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I found this site when googling how to make cake stands. I'm wanting to make a cake stand out of pine wood slabs that my landscaping neighbor cut. Everything I've found online has me buying pre-treated wood. I put the wood in the garage, but it's starting to mold.

I read a few forums on how to dry wood, but nothing fit my need specifically. I'm wanting to make the stands for a fall party in a few weeks.

I'm thinking about washing the wood with a bleach mixture, but I don't want to change the color of the wood. I was then going to bake it in the oven around 200 for 2 hours. Is this the best solution?

I plan to make a cake stand like this one:
http://www.oncewed.com/514/diy-wedding/decorations/rustic-wedding-cake-stand/

I also want to drill holes in one of the slabs to display cake pops like they have done here:
http://www.somethingshinyblog.com/2010/03/how-to-make-cake-pop-stand.html
 

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I found this site when googling how to make cake stands. I'm wanting to make a cake stand out of pine wood slabs that my landscaping neighbor cut. Everything I've found online has me buying pre-treated wood. I put the wood in the garage, but it's starting to mold.

I read a few forums on how to dry wood, but nothing fit my need specifically. I'm wanting to make the stands for a fall party in a few weeks.

I'm thinking about washing the wood with a bleach mixture, but I don't want to change the color of the wood. I was then going to bake it in the oven around 200 for 2 hours. Is this the best solution?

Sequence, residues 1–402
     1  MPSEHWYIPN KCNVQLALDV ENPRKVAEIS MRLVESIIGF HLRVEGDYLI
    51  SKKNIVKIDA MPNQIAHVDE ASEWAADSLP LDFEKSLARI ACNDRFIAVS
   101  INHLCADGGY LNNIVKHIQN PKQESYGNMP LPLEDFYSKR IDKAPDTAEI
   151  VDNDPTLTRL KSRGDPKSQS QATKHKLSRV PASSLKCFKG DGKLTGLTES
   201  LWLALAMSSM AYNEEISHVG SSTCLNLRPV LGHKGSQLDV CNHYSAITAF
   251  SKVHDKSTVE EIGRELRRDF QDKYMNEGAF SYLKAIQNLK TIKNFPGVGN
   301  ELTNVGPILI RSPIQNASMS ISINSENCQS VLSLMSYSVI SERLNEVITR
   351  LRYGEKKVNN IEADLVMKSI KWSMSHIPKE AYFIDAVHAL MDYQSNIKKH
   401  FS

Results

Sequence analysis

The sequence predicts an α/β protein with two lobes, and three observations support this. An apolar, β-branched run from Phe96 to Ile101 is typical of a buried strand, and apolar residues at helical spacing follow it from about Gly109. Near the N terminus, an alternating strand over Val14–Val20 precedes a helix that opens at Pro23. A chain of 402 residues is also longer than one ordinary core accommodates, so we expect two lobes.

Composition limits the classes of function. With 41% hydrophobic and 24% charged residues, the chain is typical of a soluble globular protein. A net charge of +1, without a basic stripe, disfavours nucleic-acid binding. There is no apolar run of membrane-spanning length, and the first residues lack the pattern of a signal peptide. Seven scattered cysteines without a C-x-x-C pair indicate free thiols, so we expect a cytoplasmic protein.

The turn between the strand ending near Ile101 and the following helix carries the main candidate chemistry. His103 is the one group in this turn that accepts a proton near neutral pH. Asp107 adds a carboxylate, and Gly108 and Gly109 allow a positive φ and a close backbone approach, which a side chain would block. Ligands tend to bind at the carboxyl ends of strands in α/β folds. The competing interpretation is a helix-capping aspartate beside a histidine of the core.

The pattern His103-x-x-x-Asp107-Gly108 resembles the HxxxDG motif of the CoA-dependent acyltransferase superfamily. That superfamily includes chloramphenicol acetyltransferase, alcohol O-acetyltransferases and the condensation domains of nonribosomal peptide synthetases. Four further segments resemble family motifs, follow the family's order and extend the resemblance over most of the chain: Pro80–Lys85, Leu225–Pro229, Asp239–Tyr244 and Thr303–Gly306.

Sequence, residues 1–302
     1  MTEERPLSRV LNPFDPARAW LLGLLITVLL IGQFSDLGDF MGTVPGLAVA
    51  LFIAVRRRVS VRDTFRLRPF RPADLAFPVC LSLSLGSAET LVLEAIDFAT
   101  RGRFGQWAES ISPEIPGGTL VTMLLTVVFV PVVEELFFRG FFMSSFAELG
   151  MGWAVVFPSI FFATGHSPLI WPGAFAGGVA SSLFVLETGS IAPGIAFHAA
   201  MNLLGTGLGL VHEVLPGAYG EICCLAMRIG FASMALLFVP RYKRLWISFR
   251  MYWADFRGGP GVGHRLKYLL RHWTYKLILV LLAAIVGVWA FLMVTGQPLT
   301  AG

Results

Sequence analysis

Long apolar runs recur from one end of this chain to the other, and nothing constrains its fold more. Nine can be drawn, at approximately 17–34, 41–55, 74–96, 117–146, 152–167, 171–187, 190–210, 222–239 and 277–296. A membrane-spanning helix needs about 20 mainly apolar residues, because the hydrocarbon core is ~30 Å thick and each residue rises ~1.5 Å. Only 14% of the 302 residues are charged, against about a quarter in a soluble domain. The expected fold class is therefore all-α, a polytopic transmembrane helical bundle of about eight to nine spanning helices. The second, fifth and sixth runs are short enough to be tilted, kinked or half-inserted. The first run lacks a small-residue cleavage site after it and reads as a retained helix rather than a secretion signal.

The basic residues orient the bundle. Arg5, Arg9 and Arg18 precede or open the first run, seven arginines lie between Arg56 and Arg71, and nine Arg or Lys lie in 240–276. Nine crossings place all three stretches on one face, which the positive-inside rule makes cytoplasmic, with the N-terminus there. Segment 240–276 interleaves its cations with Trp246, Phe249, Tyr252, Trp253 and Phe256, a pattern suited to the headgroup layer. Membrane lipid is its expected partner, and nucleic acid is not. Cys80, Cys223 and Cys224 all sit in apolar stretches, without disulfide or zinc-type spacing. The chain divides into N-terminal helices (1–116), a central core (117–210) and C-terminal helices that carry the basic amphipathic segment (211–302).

I plan to make a cake stand like this one:
http://www.oncewed.com/514/diy-wedding/decorations/rustic-wedding-cake-stand/

I also want to drill holes in one of the slabs to display cake pops like they have done here:
http://www.somethingshinyblog.com/2010/03/how-to-make-cake-pop-stand.html


If you only have a few weeks, you just have to take a chance with what you have. Drying in an oven will likely draw out the moisture too fast and it will shrink, and crack. The round slab you linked to is a glue up of several pieces that have been edge jointed (straightened and flattened), and then it cut into a circle.








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OK I got time.

My sister would love one of these. She has some borch logs she wants turned into candle holders. I could make her a matching cake plate for Christmas.

What would be the best way to dry out a slice of log? How would I make sure no insects were in it? "Merry Christmas sis heres some termites":eek:
 

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you show 2 different approaches

Wood cut from the end of a log is often called a "cookie" because of the shape. It is all end grain, because the tree grew opposite to the thickness. End grain can be sealed but it wicks up the sealer rapidly. It will also develop splits or checks as it dries unevenly. It does have a rustic appearance and may be desirable for that reason. The bark showing may be what you want also. If you want a natural look then you need a clear sealer. If you're going to paint it then you can use a latex paint on both sides to seal and top coat it.

The other approach you showed was a glue up of long grain which is easier to seal. Kinda like the wood on a floor. Someone glued it up then either spun it on a lathe or used a router to round off the edges on the planks, then sanded it smooth.

Back to the cookies. The links Daren posted should help, if not
search here for more info on drying cookies. People have used micro waves, solar kilns and dehumidfier kilns to dry green or freshly cut wood. The faster you dry it without sealing the more it's likely to split. Sorry no easy fast solution.... :blink: bill

BTW the wood turners will have solutions for sealing green wood and Anchor Seal is one I know of, but the log ends must be sealed immediately after sawing.
 
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